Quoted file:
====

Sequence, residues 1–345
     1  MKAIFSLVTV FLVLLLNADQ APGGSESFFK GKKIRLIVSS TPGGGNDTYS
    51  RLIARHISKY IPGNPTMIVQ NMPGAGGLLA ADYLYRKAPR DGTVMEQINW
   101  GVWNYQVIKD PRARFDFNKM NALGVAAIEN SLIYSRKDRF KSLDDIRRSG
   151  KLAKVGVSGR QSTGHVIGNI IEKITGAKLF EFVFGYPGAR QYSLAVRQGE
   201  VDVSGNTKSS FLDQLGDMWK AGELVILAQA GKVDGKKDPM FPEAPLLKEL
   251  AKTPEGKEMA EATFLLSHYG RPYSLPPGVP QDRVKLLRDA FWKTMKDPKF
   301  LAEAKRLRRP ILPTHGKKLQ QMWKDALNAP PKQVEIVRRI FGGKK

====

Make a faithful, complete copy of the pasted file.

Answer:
Sequence, residues 1–345
     1  MKAIFSLVTV FLVLLLNADQ APGGSESFFK GKKIRLIVSS TPGGGNDTYS
    51  RLIARHISKY IPGNPTMIVQ NMPGAGGLLA ADYLYRKAPR DGTVMEQINW
   101  GVWNYQVIKD PRARFDFNKM NALGVAAIEN SLIYSRKDRF KSLDDIRRSG
   151  KLAKVGVSGR QSTGHVIGNI IEKITGAKLF EFVFGYPGAR QYSLAVRQGE
   201  VDVSGNTKSS FLDQLGDMWK AGELVILAQA GKVDGKKDPM FPEAPLLKEL
   251  AKTPEGKEMA EATFLLSHYG RPYSLPPGVP QDRVKLLRDA FWKTMKDPKF
   301  LAEAKRLRRP ILPTHGKKLQ QMWKDALNAP PKQVEIVRRI FGGKK